Several weeks ago, I was invited to the Los Angeles Latina Power in STEM Conference as the keynote speaker to their middle-school and high school Latina attendees.
According to the National Center for Women & Information Technology, only 25% of the tech space is made of women and only 1% are Latinas, 5% are Asian, and 3% are African American.
Honored and excited to promote women in tech, I started thinking about what I’d share. I wrote some notes on my non-technical journey into tech. Then, I started to think about how I could end my talk with specific guidance and a call to action for girls to go into tech.
That’s when I ran into Jeremy - a non-techie guy who not only broke into the world of tech but also wrote a manual on it - and I got some pretty good material to share with my girls (and with you too!).
If you’ve ever considered a career in tech, you’ll want to read our Q&A below.
Who should go into tech?
Jeremy: As hot as the tech industry is these days, I only recommend it to people who are really passionate about that space. Because while a job with free sushi or massages may seem sexy, at the end of the day, it’s still a job. Which means that if you don’t love what you’re doing all day – be it launching a new product, creating marketing materials, or closing deals with clients – you’re not going to love tech.
What career opportunities are available to someone interested in tech who has a technical background?
Jeremy: Professionals with a technical background have lots of opportunities in the tech space, naturally. For example, someone with a computer science background could be a good fit for a web development or software engineering job. Whereas someone with a strong background in math or statistics could do well as a data scientist or business analyst.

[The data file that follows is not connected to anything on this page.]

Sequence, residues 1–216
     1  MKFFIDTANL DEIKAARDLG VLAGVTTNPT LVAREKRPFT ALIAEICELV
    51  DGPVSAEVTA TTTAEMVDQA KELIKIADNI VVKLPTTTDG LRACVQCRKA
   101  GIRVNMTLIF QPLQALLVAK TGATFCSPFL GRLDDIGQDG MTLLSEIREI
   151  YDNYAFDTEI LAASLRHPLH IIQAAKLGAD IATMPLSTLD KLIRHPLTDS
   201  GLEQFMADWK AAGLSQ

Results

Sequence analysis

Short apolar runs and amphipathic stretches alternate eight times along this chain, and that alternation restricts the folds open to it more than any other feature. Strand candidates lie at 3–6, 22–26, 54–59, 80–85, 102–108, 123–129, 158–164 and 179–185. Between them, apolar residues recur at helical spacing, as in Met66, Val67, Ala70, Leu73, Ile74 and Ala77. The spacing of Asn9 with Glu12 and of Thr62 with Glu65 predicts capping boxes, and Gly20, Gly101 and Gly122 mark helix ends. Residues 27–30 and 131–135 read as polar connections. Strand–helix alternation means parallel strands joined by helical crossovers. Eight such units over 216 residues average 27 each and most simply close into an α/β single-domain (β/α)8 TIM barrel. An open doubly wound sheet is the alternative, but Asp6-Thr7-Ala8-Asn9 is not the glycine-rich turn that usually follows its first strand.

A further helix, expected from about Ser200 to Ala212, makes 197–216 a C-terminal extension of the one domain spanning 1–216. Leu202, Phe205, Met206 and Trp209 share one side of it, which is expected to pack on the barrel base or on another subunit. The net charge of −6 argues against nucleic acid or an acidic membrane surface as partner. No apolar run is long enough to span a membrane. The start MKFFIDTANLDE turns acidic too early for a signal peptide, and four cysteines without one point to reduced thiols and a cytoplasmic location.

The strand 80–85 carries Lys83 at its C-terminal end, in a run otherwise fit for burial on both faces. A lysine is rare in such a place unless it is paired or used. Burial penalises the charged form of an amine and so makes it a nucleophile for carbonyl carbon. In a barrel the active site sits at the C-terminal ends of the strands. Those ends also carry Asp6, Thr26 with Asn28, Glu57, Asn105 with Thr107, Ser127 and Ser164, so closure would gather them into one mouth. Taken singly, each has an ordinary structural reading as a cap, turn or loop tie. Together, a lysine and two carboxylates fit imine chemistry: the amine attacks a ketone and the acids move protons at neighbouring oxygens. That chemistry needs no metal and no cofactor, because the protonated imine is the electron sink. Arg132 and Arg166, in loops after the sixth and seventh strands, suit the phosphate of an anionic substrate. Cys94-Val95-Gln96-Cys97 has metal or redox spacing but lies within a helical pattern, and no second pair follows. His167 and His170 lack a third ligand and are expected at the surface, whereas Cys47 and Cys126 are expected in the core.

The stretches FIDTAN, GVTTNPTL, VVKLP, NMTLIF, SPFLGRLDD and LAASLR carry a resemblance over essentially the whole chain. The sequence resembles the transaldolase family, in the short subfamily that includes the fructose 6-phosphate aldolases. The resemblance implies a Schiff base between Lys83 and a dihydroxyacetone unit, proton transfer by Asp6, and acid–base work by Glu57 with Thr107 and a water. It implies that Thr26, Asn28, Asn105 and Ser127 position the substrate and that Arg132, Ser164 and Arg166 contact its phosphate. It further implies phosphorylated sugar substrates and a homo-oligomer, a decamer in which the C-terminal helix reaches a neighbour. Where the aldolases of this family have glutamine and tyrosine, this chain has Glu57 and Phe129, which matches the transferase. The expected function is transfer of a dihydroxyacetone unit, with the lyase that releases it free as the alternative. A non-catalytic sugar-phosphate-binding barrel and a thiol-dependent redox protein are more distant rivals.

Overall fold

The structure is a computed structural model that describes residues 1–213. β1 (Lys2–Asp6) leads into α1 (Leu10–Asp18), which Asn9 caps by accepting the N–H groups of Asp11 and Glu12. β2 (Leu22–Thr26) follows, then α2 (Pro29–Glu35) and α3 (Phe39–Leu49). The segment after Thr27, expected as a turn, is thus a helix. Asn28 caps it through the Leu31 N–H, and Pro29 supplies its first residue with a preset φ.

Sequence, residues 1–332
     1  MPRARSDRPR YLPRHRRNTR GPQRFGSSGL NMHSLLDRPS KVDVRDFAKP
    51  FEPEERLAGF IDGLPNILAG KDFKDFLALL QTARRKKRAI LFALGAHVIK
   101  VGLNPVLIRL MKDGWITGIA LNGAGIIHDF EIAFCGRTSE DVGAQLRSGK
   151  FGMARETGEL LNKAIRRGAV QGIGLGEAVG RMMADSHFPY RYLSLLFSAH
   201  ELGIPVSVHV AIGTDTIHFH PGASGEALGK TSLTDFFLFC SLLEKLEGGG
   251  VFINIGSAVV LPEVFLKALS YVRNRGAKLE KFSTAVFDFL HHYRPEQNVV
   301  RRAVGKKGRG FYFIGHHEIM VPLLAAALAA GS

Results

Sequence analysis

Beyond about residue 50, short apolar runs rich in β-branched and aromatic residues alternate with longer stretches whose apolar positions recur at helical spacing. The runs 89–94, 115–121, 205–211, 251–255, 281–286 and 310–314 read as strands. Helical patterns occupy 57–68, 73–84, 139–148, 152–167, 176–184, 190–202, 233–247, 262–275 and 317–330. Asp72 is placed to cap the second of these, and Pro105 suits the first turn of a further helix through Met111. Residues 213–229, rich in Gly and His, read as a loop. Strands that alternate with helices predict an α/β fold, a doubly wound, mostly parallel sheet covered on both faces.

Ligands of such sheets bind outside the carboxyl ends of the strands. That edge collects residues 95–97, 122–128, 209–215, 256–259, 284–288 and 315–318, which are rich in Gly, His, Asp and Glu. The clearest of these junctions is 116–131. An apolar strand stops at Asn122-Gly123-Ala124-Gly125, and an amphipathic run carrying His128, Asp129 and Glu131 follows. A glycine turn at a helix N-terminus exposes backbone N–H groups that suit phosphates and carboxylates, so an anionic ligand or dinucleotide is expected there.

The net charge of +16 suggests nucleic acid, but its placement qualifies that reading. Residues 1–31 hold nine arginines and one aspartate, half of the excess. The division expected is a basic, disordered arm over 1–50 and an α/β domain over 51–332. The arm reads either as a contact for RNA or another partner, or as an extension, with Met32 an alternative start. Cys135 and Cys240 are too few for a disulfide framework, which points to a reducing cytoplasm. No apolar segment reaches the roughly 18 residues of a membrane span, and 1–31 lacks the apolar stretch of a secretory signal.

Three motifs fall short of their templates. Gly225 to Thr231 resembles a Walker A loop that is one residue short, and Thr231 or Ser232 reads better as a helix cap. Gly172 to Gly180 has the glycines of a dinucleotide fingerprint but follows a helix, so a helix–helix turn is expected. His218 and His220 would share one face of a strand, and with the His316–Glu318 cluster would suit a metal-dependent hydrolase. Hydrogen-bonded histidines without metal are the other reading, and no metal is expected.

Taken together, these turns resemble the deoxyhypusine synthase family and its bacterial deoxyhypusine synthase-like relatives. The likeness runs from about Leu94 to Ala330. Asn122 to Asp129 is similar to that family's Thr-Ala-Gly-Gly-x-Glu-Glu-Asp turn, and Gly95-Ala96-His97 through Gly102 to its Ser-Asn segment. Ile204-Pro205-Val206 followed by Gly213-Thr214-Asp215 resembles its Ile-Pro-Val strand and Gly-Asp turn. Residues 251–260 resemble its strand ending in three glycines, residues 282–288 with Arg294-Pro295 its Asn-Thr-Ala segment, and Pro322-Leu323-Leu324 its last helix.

What career opportunities are available to someone interested in tech who has a non-technical background?
Jeremy: Non-technical jobs actually make up the majority of all tech jobs, believe it or not. And that’s because for every technical staffer who comes up with a great new piece of code, companies need a non-technical staffer to patent that code, market it, and sell it. So that means there are great non-technical jobs for all kinds of people. If you’re very analytical by nature, you may enjoy business operations (basically internal consulting) or market research. Whereas if you gravitate towards interpersonal-focused roles, jobs like sales or customer success could be perfect you. Here’s a list of 12 of the best non-technical roles across the tech world.
What’s the best way of researching a new non-technical tech career?
Jeremy: Start by understanding which role is right for you, using the aforementioned list. And then start reaching out to people who have that role to both confirm your fit and build connections into that world. Here’s some advice on how to reach out most effectively.
What’s the best way of identifying transferable skills for a new non-technical tech career?